Director: Alejandro González Iñárritu
Writer: Alejandro González Iñárritu, Alexander Dinelaris, Nicolás Giacobone, Armando Bo
There’s a lot to dislike about Birdman, but somehow it’s likeable despite all of that. The characters are egotistic maniacs, swerving around from one calamity to the next, but perhaps that’s one or maybe two reasons why it works. This is the very nature of putting on a theatrical production, which is what the film is ostensibly about, and day to day life, which is also what the film is about, if you’re a fading movie star who’s trying to break into Broadway, at least. The film is bound to garner interest from the Hollywood players and their New York Broadway counterparts as there’s nothing more that they love than talking about themselves, and again, this is what is laid out bare in the film. It doesn’t balk from that. It relishes in it, and all of the small quirks and foibles, as well as quite a few major ones, in the business. It almost has an in-built “get out of jail free card” factor to deflect any criticism by voicing it itself through the characters, in their resentment of critical reviewers, making anyone who denounces is sound like they missed the point, but it can still be picked apart in its constituent pieces and examined at arm’s length, and ought to be.
Let’s look at the visuals. They were fantastic, with rolling dolly shots wheeling around the performers, seamlessly and painstakingly edited together to create a flowing torrent of visceral emotion. The special effects didn’t impose themselves either, except where intended, and enhanced the blurring between reality and what was in the protagonist’s mind succinctly.
The protagonist is Riggan Thomson, played by a bewrinkled and balding Michael Keaton, whose better days are behind him, but always following him around, like the imaginary figure of the Birdman who is a clear parody of the Batman that Keaton deftly played in the ’90s. Only the bat, that figure of the dark, unknown psyche, is transferred into the day, bringing the inner thoughts out into the light. There are a lot of metaphorical, literary and philosophical references like that in the film. It’s very post modern and self-reflexive, with elements of Spike Jonze’s Adaptation, Jorge Luis Borges’s magic realism, Shakespeare’s plays within plays, Brecht’s alienation, and other theatry devices such as these to detach the viewer from the spectacle in front of them.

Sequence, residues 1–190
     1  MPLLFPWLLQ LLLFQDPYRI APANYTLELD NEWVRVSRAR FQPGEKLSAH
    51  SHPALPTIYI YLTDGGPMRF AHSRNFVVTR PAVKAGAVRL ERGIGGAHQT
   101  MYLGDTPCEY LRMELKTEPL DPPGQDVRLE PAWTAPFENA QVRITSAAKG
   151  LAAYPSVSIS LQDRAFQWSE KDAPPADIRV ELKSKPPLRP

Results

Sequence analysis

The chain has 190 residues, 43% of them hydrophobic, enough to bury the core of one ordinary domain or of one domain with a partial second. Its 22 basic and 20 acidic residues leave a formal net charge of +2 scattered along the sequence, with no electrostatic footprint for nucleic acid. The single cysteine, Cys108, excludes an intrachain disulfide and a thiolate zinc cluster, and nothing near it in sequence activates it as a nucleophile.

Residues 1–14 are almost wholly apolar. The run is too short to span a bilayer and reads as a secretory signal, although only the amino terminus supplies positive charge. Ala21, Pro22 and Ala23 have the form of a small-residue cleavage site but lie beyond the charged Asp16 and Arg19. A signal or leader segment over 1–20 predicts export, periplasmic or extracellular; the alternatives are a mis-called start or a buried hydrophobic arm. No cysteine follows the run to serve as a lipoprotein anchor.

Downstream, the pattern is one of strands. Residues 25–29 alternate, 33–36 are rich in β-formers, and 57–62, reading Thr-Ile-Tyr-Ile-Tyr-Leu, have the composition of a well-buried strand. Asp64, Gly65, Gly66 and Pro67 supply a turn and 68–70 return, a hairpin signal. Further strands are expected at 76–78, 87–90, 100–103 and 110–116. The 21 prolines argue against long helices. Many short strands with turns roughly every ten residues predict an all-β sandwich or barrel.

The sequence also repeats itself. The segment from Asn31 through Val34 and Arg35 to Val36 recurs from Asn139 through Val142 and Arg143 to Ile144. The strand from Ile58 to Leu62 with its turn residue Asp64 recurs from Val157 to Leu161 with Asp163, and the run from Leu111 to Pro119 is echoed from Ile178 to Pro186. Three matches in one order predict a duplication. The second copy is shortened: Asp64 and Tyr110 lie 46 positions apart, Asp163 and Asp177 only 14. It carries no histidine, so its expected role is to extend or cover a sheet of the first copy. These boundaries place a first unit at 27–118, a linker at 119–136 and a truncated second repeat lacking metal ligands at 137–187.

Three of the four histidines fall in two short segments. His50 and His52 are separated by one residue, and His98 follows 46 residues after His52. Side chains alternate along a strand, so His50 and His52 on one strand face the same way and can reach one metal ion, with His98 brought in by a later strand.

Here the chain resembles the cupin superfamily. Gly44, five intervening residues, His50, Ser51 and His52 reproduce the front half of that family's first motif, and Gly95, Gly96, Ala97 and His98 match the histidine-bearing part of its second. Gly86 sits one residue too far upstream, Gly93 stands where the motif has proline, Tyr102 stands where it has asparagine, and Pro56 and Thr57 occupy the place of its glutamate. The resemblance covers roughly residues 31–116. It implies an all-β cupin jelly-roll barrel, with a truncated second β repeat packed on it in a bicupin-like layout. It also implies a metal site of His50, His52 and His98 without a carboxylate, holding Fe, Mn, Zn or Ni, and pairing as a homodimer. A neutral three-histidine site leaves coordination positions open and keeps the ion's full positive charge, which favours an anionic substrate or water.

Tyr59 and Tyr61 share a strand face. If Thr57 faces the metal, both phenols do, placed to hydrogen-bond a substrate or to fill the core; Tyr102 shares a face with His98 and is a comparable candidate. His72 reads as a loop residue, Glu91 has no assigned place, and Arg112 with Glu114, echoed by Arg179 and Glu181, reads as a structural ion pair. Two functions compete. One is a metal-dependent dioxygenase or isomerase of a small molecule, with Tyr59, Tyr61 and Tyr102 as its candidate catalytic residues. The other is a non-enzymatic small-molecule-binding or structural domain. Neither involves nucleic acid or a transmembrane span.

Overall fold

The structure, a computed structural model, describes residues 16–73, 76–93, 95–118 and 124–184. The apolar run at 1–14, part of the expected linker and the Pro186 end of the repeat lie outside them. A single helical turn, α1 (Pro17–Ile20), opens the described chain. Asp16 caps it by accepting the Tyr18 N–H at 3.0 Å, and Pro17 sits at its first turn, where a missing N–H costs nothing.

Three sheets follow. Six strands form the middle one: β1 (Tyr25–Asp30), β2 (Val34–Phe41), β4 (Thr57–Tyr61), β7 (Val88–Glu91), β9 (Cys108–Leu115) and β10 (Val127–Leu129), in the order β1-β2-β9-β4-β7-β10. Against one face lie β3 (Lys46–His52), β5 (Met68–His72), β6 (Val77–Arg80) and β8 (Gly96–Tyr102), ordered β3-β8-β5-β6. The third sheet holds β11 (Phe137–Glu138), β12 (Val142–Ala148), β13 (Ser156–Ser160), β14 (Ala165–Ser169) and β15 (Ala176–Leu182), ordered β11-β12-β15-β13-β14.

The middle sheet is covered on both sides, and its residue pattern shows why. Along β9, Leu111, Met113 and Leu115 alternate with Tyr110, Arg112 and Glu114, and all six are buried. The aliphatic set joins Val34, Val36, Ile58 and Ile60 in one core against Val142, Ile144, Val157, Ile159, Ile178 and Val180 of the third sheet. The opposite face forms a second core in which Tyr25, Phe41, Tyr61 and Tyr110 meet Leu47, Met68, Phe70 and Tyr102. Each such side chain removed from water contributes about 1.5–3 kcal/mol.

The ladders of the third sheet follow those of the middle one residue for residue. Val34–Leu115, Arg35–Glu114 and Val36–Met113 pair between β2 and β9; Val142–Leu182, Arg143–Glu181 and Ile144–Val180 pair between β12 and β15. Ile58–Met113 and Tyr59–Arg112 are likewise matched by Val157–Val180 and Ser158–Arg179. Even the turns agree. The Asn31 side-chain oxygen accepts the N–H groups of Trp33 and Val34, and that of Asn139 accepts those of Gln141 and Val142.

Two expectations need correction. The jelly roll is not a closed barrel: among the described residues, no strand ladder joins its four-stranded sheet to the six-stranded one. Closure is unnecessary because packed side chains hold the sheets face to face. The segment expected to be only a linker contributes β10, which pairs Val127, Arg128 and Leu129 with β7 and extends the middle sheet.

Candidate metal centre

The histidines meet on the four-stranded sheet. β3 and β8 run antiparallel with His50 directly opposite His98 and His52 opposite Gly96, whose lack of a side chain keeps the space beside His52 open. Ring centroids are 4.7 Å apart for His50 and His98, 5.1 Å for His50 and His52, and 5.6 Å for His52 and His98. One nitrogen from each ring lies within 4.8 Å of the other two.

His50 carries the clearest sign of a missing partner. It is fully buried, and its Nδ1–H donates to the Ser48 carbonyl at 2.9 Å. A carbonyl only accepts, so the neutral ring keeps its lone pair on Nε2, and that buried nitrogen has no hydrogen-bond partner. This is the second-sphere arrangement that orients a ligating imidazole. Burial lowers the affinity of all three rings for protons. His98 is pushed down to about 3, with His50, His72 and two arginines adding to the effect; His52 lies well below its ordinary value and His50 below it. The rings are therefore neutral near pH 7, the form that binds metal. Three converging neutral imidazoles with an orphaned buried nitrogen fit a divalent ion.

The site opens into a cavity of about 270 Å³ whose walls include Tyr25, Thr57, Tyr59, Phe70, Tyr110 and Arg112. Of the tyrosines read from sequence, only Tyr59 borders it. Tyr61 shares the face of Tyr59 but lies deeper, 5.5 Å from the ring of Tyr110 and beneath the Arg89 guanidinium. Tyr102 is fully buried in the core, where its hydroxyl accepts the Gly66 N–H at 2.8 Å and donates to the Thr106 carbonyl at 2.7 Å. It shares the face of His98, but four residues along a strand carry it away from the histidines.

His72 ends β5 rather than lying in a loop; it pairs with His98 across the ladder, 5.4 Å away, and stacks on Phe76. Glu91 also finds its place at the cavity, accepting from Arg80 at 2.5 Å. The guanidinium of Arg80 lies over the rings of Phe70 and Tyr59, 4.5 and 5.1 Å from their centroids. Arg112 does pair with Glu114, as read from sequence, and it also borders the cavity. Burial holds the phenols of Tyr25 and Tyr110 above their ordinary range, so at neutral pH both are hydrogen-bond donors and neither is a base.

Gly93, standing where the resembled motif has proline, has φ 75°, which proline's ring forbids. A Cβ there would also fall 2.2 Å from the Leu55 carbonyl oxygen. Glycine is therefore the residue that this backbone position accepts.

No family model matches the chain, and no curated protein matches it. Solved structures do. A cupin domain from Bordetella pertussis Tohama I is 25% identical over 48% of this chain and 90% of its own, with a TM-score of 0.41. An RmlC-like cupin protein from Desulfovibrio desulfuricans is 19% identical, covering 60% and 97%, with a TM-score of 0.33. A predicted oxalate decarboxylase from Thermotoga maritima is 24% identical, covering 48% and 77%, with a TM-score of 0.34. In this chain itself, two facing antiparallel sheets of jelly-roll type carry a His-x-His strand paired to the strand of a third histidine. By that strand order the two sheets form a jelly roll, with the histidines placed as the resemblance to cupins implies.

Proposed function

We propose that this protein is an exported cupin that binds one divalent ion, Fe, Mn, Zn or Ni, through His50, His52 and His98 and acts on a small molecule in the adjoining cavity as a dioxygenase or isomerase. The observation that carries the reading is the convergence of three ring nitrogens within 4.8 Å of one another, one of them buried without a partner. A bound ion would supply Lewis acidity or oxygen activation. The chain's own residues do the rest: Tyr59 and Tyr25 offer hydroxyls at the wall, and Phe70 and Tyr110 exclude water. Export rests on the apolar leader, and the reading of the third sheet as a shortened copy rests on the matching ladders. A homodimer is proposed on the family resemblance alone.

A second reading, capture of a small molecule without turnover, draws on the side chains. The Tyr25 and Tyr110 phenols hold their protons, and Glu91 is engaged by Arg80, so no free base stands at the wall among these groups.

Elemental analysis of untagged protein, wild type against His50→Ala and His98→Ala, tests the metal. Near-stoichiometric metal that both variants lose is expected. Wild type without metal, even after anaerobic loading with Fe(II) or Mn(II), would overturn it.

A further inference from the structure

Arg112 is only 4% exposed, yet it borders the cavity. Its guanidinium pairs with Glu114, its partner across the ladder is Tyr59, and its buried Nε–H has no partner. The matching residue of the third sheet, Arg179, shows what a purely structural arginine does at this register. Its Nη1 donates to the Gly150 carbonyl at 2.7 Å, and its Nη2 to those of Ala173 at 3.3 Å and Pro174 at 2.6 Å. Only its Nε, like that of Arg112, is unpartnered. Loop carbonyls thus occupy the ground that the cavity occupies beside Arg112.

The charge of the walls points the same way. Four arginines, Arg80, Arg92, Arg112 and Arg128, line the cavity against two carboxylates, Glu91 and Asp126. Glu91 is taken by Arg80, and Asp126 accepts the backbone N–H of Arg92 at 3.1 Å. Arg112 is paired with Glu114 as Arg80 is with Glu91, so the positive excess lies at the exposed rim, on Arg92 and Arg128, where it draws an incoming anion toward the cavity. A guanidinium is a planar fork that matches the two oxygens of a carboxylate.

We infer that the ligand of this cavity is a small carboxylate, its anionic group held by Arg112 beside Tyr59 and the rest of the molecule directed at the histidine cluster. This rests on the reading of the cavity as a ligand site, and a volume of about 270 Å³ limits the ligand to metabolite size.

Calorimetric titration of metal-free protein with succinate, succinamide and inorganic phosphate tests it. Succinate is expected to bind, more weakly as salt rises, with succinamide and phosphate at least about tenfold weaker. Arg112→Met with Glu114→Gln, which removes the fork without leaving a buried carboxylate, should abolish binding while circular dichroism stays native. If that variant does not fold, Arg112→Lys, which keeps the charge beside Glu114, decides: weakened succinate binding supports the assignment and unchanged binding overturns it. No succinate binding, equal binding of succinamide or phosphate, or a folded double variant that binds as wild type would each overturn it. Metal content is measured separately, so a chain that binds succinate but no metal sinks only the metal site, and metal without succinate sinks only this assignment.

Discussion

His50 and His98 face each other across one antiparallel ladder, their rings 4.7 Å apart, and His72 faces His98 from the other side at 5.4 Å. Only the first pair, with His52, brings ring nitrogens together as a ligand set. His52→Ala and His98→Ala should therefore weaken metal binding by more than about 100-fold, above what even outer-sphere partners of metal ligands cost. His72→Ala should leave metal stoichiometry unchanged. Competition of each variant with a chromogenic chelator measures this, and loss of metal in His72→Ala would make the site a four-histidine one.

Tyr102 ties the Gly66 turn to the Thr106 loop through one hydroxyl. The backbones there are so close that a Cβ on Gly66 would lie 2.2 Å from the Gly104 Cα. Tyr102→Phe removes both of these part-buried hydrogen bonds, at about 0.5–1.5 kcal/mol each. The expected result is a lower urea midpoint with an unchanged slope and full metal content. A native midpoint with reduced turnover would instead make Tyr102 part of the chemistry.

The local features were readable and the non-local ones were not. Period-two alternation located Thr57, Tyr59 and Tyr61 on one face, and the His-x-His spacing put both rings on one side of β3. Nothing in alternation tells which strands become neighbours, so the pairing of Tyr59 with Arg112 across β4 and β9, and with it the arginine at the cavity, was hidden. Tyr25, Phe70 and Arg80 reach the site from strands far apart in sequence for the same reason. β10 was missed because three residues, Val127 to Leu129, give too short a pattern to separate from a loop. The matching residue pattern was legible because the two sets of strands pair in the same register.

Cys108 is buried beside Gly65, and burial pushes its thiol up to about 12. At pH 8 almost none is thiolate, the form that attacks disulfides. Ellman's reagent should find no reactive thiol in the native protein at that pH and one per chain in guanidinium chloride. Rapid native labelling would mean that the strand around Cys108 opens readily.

Ed Norton’s character, Mike Sheener, is obsessed with his performance being as real as possible, a knowing reflection of Norton’s own reputation, and he goes to untoward lengths to give it that absolute verisimilitude. He is an obnoxious arse, but everything he says and does eventually turns out to be infallibly true. There seems to be a lot of nod nods and wink winks contained in the script, but it doesn’t totally overwhelm the proceedings, making it a completely obnoxious incestuous actor love fest, although it does often come close, perhaps veering over the line a couple of times, which seems to be why some people are left a little cold by it. That said, it’s probably supposed to, but perhaps it could’ve had a bit less of the knowing nudge nudge business for its own self-referential sake and a few more characters who weren’t abysmal narcissists, but that’s the subject of the film, so why not? Riggan’s long-suffering wife (Amy Ryan), disaffected daughter (Emma Stone), neglected mistress (Andrea Riseborough), insecure co-actress (Naomi Watts) and theatrical mentor (Zach Galifianakis) have a lot to deal with.
The dressing gown scene was very funny, but also symbolic of the plight of Riggan Thomson’s himself. In a similar way to the film Mephisto, he is left open to the elements and when exposed is seen and recorded by hordes of intrigued onlookers in Time Square, much like the whole celebrity media circus itself encapsulated in luscious, swimming visuals.
There are hints of mental illness and psychological instability scratching away at the surface here, delicately and subtly portrayed by Keaton and the supporting cast that would be deserving of its much-talked-about Oscar.
The cool, offbeat jazz drumming of Antonio Sanchez underscores the film perfectly, giving it that jilted jazz vibe throughout (possibly a reference to Charlie ‘Bird’ Parker?). The film reeks of New York in all its grotesque glory, and in a way is an ode to what the city has to offer – the fleeting, flighty charms of fame, and the gritty earth of reality. As the asteroid of Riggan’s career plummets to Earth, he becomes reborn like a phoenix, and finds some kind of solace in his more humble recognition that the play isn’t always the thing. The are many funny moments too, so a recommended watch for those who are after something that isn’t the usual Hollywood fodder.